Gifted Bones

May 10, 2018

As my eyes adjusted to the brightly lit laboratory, my camp group’s assigned lab table came into clear focus, along with a myriad of equipment, specimens, and artifacts in my periphery, most of which I couldn’t even put a name to.  Hundreds of human bones in all conditions were splayed out randomly across my lab table.  They were frail and discolored; they smelled strongly of musk and dirt.  They were yellowing and marred, not the perfect white structures you see portrayed in a biology classroom.  These bones were authentic and unglorified. 


A serious-looking lady in a long, white lab coat cleared her throat. 


“Ladies and gentlemen, please take your seats.”
Chairs scrape against the tiled floor.
“Each group has the bones of a subject in front of you.  First, I would like you to assemble the bones into the general shape of a skeleton.  I will come by and check your bone placement in a few hours.”
It struck me that she called the pile of bones just that: “a subject.”  The lab coat lady seemed distant and unaffected by the room full of musty bones.


I kept my hands in my lap, careful to not accidentally brush up against the bones in fear that they would simply disintegrate.  I had never touched authentic bones before; I had only seen them presented on television. 
Two summers ago, I arrived at a Forensic Anthropology Camp with my pillow in one hand and notebook in the other.  I had decided to attend this summer camp because of one simple fact: I like bones.  Criminal Minds and Bones are my favorite television shows on Netflix.  The scientists and detectives in these shows are cloaked with an aura of magic and wisdom.  This type of show has always been so entertaining to me because in each episode every case that comes in, no matter how high profile, they are able to crack it with their intelligence and creative thinking.  I am captivated by their ability to look at a pile of bones and extract the life story of that person using simple details such as the length of the femur or a dent in the parietal bone. Every mark on the bones that the scientists study show an actual event in that person’s life, and they use this as evidence.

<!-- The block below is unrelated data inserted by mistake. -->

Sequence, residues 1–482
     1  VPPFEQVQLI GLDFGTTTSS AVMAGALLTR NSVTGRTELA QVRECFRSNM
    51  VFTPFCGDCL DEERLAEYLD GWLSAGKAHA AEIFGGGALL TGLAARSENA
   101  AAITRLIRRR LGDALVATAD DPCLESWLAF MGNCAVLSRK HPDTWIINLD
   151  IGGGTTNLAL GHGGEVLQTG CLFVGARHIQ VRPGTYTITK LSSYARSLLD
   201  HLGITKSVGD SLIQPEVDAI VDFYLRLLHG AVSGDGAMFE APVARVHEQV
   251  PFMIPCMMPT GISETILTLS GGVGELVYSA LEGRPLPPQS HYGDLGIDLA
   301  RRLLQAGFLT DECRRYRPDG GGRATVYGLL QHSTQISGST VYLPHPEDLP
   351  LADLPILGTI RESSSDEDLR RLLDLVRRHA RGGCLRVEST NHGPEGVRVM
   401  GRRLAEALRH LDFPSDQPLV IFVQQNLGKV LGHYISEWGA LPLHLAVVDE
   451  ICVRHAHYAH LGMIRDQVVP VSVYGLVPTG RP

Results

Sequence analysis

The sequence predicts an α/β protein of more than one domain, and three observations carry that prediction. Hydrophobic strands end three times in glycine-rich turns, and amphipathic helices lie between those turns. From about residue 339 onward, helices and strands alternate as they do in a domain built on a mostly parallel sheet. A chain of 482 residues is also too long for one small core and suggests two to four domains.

My first class on my first day of camp began with a lecture on human anatomy, where I learned the basics about the crucial bones that make up the human skeleton: the femur, the parietal, the clavicle.  As a few minutes of hectic note-taking passed, no one else was writing.  Ignoring this, I took notes and gathered all of the information about bone diseases, human anatomy, and deadly weapons that I could so that when it came to lab time, I would be prepared.


“Osteoporosis causes fragile bones that are susceptible to breaks and fractures.”
“Blunt weapons create fractures that branch out from the point of impact.  Sharp weapons create divots and holes in the bones with more distinct boundaries.”
“Males have smaller pelvic bones than women because the process of giving birth requires a larger pelvis diameter.”


I was bombarded with new facts and information within the timeframe of a few short hours.  I was in this camp for the wonder of bones and I wanted to be able to emulate all that I learned.  I had the mindset of Brenner and Hotchner, the detectives in the television shows that I loved. 

 

After given the instructions by the lady in the long, white lab coat, my lab group turned our focus to the table.  Piece by piece my group recreated the human skeleton.  The bones began to truly look human, starting with the skull, to the ribs, to the toes.  The bones had marks and scratches, ridges and contusions.  Unlike in my favorite television shows, the marks on these bones weren’t staged.  This “subject” had once been alive.  Living, breathing, crying, laughing.  The shape of the formed skeleton made it easy to imagine what this “subject” had looked like when it was alive, and what it had experienced throughout their lifetime.

 

Once we were finally done setting up the skeleton, it was apparent that he had been a middle-aged man.  The only parts unfinished were the ribs and the cranial bones because of the vast number of shattered pieces they were in.  His bones were scarred and he had a small pelvis, with a large femur, indicating he was male.


“Yes, that is exactly right. He was 58 years old.  Nice job,” said the lady in the long, white lab coat.